The Chapman Lab

We are located in the Department of Medicine and the Cardiovascular Research Institute at the University of California San Francisco.

Legend: Six day lung organoid developing under a kidney capsule. Green structures are derived from adult lung stem/progenitor cells whereas the remainder are from embryonic lung cells.

About the Lab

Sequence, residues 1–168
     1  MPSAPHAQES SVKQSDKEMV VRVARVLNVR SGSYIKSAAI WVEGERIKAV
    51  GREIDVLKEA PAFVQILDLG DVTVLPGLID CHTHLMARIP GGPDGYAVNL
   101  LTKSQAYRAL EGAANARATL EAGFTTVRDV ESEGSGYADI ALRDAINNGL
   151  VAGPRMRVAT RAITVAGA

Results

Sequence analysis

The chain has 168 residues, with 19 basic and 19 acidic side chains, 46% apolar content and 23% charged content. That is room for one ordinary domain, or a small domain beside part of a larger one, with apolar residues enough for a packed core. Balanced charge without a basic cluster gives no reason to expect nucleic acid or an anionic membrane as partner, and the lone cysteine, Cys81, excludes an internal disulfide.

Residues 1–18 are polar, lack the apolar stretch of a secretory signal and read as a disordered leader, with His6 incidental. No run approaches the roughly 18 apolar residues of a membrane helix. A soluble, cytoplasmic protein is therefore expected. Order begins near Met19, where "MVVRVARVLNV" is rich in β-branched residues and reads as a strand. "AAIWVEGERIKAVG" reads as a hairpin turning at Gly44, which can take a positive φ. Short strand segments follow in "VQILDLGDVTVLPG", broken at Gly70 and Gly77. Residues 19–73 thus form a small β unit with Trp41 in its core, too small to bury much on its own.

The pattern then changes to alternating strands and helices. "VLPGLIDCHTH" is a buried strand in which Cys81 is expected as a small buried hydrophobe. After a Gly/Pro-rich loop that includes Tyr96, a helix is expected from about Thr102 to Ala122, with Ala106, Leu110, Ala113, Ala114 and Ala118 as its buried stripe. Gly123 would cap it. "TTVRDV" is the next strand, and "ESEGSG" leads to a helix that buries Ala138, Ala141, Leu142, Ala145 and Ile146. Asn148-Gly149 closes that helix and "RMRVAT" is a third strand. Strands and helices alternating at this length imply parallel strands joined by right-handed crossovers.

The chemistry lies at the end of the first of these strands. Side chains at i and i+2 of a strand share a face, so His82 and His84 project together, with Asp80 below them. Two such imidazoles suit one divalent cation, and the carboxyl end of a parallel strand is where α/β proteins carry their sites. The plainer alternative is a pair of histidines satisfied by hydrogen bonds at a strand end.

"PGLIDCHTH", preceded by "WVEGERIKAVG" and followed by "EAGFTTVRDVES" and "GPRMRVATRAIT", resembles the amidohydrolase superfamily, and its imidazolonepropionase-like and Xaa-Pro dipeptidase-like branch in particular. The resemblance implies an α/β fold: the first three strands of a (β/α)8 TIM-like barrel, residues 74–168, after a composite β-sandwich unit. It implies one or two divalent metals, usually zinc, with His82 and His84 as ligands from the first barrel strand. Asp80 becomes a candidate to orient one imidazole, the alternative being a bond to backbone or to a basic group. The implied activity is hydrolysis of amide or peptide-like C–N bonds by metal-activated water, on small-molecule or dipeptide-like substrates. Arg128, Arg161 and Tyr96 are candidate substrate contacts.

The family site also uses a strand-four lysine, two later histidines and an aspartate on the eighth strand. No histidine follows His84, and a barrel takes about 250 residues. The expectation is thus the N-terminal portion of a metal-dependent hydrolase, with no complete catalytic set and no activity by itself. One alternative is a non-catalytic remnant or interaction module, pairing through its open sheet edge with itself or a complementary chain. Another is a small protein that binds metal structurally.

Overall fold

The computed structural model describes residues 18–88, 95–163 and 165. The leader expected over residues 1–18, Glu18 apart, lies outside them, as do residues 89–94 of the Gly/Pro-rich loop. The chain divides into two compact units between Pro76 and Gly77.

The lab has largely focused on elucidating mechanisms of disease in conditions characterized by extracellular matrix remodeling. The lab has a long history of investigation of proteolytic systems involved in this process, especially the urokinase receptor and endosomal cysteine proteases (cathepsins). Another major interest has been the interaction of the urokinase protease receptor and integrins as this interaction influences epithelial cell migration and tumor cell invasion. In recent years this effort has turned to the influence of matrix proteins on epithelial plasticity. There are currently two major projects in the lab: (1) Elucidation of signaling regulating epithelial to mesenchymal transition (EMT) in the lung and lung tumors, as well as identifying small molecules that could modulate and further define the roles of EMT in in vivo mouse models of fibrosis and cancer. (2) Definition of epithelial pathways of lung regeneration following major injury or during fibrogenesis. This project extends prior work identifying a population of integrin α6β4+ lung stem/progenitor cells located in the parenchyma with regenerative activity ex vivo and in vivo.


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